Wednesday, June 27, 2012
The Doomsday Symphony: Chapter 53
In the previous installment of The Doomsday Symphony, Zoe Crevecoeur thinks back to various problems in her life, dealing with her career, her ex-husband, raising her son. Meanwhile, we return to the Hague in 1765 as Dr. Kerr and Sauerbraten sneak into the palace to avoid Klavdia Klangfarben.
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A courtly servant, closing the gate where coaches entered to stable their horses, assumed we were also servants and locked it behind us. Too casually dressed for the main entrance, we managed well enough until an officious-looking footman approached us, stopping us with some suspicion just as a small group of aristocratic yet equally casually dressed men walked past.
Identifying himself as the personal secretary to Count Henrik van Wassenaer, Gyllenhaal introduced Sauerbraten and me from the Imperial Court in Vienna, as friends of Johann Chrysostomus Wolfgang Theophilus Mozart, musician to the Archbishop of Salzburg.
“So many names for such a small musician,” one of the noblemen turned to us and said, waving the footman away.
I noticed how the footman, bowing obsequiously as he left, still eyed us with suspicion.
“Ah, my lord, perhaps a small person but already a great talent,” Gyllenhaal said, bowing courteously. “Who knows what the future may bring.”
“My lord,” I added, imitating Gyllenhaal’s bow as best I could, “few of us may knowingly comprehend that future, but young Mozart, here, I’m sure will become a man well known to many in the world.”
“Indeed, you think so? Such an unassuming little boy.”
Sauerbraten said, seeing Mozart flush, “You have not yet heard him play, I gather?”
“No, dear sir, I cannot say I have, though my wife has, when he first arrived in town over a month ago. She talks of practically nothing else, since. I was expecting somebody older, perhaps more… geniusy…”
With a hurried but luxurious bow, Gyllenhaal introduced us to the Prince of Nassau-Weilburg, Karl Christian, who, his own territories aside, was the husband of Princess Caroline, our hostess, his gesture encompassing the palace around us. As the older sister of Prince William, he told us, she served as regent until the Prince of Orange turned 18 next year.
Any further confusion on my part, unused to addressing royalty like Sauerbraten and, even for his tender years, young Mozart, was allayed by the hurried arrival of Count Henrik, apologizing for being late to the party.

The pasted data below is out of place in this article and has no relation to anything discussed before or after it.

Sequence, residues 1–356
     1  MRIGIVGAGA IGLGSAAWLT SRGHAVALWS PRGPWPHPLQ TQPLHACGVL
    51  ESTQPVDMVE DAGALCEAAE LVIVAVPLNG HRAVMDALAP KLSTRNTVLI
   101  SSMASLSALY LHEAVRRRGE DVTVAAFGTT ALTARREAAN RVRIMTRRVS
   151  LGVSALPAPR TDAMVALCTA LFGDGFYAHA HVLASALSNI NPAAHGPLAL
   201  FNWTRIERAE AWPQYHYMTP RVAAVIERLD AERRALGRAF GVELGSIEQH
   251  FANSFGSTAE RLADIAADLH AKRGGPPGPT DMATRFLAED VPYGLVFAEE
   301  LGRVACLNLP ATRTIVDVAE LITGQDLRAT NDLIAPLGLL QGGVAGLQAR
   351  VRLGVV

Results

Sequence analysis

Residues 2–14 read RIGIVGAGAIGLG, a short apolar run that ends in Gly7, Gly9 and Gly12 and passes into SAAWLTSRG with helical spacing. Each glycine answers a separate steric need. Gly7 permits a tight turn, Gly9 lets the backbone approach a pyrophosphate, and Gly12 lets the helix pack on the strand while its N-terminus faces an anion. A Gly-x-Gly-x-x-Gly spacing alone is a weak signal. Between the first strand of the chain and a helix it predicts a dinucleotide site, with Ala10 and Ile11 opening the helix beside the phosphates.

“No problem, my dear Henrik.” The prince greeted him casually. “I have just been introduced to your little prodigy here, the one you and my wife have been filling my ear with, these past several weeks.”
“Oh yes, Herr Mozart,” the count said, extending his hand to the boy. “How is your poor sister feeling? Better, I have heard.”
“She improves daily, my lord,” Mozart answered, taking his hand, “and sends her best regards and deepest apologies for having caused such a mass of inconveniences which you have so graciously taken care of for us.”
For being only nine years old, Mozart was well versed in politeness. Small wonder he’d won the hearts of royalty across the continent.
Smiling, Count Henrik whispered something in van Gyllenhaal’s ear which did not, I noticed, make our friend smile, but rather a glance he darted at the boy made me think was not in his best interest.
“I hope your sister will soon be able to join you for a performance before the court, Herr Mozart,” Count Henrik continued. “When that event occurs, I’ve asked young Gyllenhaal to inform my uncle, Count Unico.” For the new arrivals’ benefit, he explains that Unico van Wassenaer loved music, even composed a good bit himself when he’d been younger.
“Unfortunately, once the weather gets colder, my uncle – he’s very frail, now,” he turned to tell Karl Christian, “just turned 73 – he’d be reluctant to leave his palace for the trip into town,” he told Mozart.
“I would like very much to meet him, sir, and perhaps hear some of his music, or at least study a few scores.”
“I think that could be arranged,” the count said. “Would you like to play a little for the Prince, today, so he’d have a chance to hear you?”
The prince, however, resisted, waving the idea away.
“Perhaps later,” he said, shrugging his shoulders apologetically toward the boy. “We are already late for my wife’s garden party. Come – please join us, since you are here. You, too,” he said, indicating Sauerbraten and myself.
“It is always good to have new players joining in the games.”
“She likes converting the winter ballroom into a summer garden.”
And that’s exactly what she’d done. All around us were pots of brilliantly colored flowers, mostly tulips of several varieties, with numerous trees of various sizes creating pathways between sculpted mounds of dirt and coffee beans.
In the midst of all this, strolling around, were several women and a few other noblemen, dressed “casually” mostly in shades of white or light brown, very summery looking despite the chill in the November air.
“Ah, Master Mozart,” the most elaborately dressed of the women said as she approached us. “What wonderful fun that you have joined us.”
This was Princess Caroline, we were told, who most graciously invited Sauerbraten and me to join them, though I demurred, excusing myself for being terrible at playing games.